NEW YORK (CBSNewYork) — The possibility of a Long Island Rail Road work strike is a step closer now that the Metropolitan Transportation Authority has rejected a mediator’s contract proposal.
As WCBS 880 Long Island Bureau Chief Mike Xirinachs reported Thursday, LIRR union workers have been without a contract for three and a half years. That contract drought will continue because the MTA has rejected a White House mediator’s proposal to end the dispute.
The proposal offered up by the Presidential Emergency Board was rejected by the MTA at a meeting of the National Mediation Board. President Barack Obama formed the board in November.
Both sides are now thrust into a 60-day cooling off period before a second appointed mediator will likely make another attempt to reach a deal.
If the two sides are still at an impasse in July, the unions could legally go on strike, Xirinachs reported. The LIRR serves on average 300,000 riders per day, CBS 2’s Marcia Kramer reported.
“The unions are prepared as we have been prepared for anything that comes our way,” United Transportation Union General Chairman Anthony Simon said. “All of our strike captains are in place we’re hoping to never use them.”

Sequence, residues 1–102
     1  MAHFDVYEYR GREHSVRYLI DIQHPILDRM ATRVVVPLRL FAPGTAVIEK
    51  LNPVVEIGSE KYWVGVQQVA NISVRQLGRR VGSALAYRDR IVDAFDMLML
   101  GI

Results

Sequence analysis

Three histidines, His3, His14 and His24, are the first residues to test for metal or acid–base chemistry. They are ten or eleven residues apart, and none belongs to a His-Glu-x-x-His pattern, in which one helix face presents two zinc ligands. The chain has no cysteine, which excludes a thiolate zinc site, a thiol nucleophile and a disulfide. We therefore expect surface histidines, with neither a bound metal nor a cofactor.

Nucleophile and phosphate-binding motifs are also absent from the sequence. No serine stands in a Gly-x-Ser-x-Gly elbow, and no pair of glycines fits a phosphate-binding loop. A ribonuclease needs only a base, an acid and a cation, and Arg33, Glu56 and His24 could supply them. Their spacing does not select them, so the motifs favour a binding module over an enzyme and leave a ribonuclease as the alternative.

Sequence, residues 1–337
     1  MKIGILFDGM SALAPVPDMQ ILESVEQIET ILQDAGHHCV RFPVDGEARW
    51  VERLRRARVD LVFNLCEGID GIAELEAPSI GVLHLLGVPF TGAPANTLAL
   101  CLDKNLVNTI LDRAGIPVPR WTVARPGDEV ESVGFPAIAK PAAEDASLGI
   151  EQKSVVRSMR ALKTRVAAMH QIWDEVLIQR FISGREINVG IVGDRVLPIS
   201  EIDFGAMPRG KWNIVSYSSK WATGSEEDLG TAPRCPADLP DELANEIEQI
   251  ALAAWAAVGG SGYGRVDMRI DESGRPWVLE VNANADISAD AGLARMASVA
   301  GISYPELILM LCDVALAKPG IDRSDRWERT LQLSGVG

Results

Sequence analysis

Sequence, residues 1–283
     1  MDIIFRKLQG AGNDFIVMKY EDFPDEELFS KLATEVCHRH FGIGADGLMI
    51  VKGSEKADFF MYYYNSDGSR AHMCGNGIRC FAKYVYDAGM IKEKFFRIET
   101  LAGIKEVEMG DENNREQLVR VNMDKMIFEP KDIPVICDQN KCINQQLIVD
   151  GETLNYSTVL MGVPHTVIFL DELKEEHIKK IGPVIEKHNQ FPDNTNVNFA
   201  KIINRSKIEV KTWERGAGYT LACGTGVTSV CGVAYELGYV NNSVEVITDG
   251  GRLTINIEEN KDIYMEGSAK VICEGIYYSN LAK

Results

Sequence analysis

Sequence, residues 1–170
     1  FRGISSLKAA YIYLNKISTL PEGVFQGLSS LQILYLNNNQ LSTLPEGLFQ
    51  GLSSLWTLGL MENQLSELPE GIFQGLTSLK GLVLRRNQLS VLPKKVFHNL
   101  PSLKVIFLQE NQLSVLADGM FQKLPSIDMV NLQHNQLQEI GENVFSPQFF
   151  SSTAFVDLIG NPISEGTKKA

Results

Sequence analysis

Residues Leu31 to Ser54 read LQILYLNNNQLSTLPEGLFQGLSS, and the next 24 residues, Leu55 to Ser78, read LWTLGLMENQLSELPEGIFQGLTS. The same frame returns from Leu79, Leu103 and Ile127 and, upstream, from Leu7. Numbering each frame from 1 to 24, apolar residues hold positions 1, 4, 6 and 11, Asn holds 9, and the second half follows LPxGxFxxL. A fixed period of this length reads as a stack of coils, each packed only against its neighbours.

“We prepare for any eventuality. We’re starting to make some preparations if we need to to prepare for something in the future,” added MTA spokesman Adam Lisberg.
It might just be sabre rattling, Kramer reported. After all, if a strike happens it would be LIRR’s first since 1994.
The dispute is over pay raises and union givebacks. The MTA said it can’t afford any increases.
“It’s not everything everybody wants, but we can’t be having sour grapes because it didn’t go the union’s way,” Simon said.
The MTA wants things like:
* Elimination of double pay for engineers who work on both a diesel and electric train within the same day
* Split-shift changes so that people who work the morning and evening rush hours have duties in the middle of the day
Railroad officials said if they accepted the White House proposal fares would go up far more than the 4 percent scheduled for next year.
“If we suddenly had a big hit to our budget because of an unfavorable labor settlement we’d have to find some way to pay for that,” Lisberg said.
Riders Kramer spoke to Thursday were understandably worried.
“It would be awful, very awful,” one person said.
“I think it’s horrible. I think it puts the commuters and the business community in a very difficult bind,” added Phyllis Mehalaken of Babylon.
“Who wants to drive their car to Manhattan and back?” another rider said.
The negotiations will also have a political component. The MTA is a state agency. Andrew Cuomo is the governor and he’ll certainly have a say. And since he’s running for re-election this year he’ll have to decide who means more to him — the eight LIRR unions or the hundreds of thousands of Long Island residents who ride the trains, Kramer reported.
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